A proposal to amend part 39 of the Federal Aviation Regulations (14 CFR part 39) to include an airworthiness directive (AD) that is applicable to certain Airbus Model A300 B4-620, A310-203, A310-221, and A310-222 series airplanes was published in the Federal Register on January 9, 2001 (66 FR 1610). That action proposed to require repetitive inspections of fuselage frame 07 in the upper frame section assemblies of the lateral cockpit windows, and corrective action, if necessary. That action also proposed to require accomplishment of certain corrective actions, which would extend the repetitive inspection interval.

Comments

Interested persons have been afforded an opportunity to participate in the making of this amendment. Due consideration has been given to the single comment received.

Other Models Subject to Unsafe Condition

The commenter, Airbus, advises that Model A300 B2 and A300 B4 series airplanes are also subject to the unsafe condition identified by this AD. However, the area included in the inspection required by this AD is also included in the A300 Supplemental Structural Inspection Document (SSID). Airbus further advises that the Direction Générale de l'Aviation Civile (DGAC), which is the airworthiness authority for France, will mandate this inspection by a separate French airworthiness directive.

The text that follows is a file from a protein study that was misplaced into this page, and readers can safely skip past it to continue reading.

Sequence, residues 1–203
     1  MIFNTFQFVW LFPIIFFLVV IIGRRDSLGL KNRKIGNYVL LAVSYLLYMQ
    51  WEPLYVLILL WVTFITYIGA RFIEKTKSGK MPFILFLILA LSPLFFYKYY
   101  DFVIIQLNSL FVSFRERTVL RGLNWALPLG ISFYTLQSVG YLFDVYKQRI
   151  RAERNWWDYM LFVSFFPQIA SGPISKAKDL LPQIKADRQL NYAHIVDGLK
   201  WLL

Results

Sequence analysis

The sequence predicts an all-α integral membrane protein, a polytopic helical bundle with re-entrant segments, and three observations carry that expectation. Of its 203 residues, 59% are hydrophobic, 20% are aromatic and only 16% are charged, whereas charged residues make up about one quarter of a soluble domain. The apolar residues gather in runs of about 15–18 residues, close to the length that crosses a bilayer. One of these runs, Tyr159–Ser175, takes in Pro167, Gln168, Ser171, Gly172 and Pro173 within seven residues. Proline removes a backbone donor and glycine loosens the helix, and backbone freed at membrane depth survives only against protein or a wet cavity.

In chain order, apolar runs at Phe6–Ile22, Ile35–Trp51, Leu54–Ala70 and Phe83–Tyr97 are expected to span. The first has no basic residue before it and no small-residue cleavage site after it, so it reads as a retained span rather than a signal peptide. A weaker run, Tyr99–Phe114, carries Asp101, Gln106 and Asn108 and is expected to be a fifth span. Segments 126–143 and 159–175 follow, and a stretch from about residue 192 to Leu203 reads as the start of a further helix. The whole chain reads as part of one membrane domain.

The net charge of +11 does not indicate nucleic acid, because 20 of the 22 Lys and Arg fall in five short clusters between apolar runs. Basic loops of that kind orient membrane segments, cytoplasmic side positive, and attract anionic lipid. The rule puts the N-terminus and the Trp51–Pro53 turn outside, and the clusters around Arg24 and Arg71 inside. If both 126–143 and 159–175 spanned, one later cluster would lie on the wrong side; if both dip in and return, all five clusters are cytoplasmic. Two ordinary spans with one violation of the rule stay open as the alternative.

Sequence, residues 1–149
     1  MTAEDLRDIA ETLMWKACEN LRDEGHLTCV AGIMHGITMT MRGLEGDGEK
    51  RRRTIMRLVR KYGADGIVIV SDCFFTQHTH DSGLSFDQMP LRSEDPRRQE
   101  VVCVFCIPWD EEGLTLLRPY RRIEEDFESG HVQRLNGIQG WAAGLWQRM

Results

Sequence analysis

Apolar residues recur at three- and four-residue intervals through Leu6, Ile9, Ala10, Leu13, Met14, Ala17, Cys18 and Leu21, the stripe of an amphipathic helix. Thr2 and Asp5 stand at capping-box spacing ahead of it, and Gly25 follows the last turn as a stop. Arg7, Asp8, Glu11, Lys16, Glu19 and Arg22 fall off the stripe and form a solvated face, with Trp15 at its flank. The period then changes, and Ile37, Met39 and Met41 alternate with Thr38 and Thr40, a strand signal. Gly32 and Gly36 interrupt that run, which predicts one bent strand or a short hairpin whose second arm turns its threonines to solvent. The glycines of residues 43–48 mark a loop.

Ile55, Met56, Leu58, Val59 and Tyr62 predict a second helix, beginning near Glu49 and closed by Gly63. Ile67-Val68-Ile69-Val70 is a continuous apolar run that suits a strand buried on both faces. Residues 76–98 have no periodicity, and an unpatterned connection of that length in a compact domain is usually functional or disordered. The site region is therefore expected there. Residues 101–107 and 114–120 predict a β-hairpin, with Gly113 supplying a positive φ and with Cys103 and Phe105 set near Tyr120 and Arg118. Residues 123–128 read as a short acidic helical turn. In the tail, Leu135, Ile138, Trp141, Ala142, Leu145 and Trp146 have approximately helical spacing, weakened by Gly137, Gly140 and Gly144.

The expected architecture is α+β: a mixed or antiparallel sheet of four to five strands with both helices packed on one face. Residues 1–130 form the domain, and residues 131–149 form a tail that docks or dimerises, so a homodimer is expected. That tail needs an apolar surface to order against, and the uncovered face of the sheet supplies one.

The FAA acknowledges that, while there may be merit to the commenter's concerns, this AD is not the appropriate context in which to address those concerns. Adding airplanes to the applicability would alter the requirements of the proposed AD, so additional rulemaking would be required. The FAA finds that to delay this action would be inappropriate in light of the identified unsafe condition. No change to this final rule is necessary in this regard.

Change to Repair/Inspection Approval

Paragraph (b) of the proposed AD would have required follow-on corrective actions to be accomplished in accordance with a method approved by the FAA. However the DGAC was inadvertently omitted as an additional acceptable approval source for the actions identified in paragraph (b). In light of the type of repair or inspection that would be required to address the identified unsafe condition, and in consonance with existing bilateral airworthiness agreements, the FAA has determined that, for this AD, a repair or inspection approved by either the FAA or the DGAC would be acceptable for compliance with this AD. Paragraph (b) of the final rule has been revised accordingly.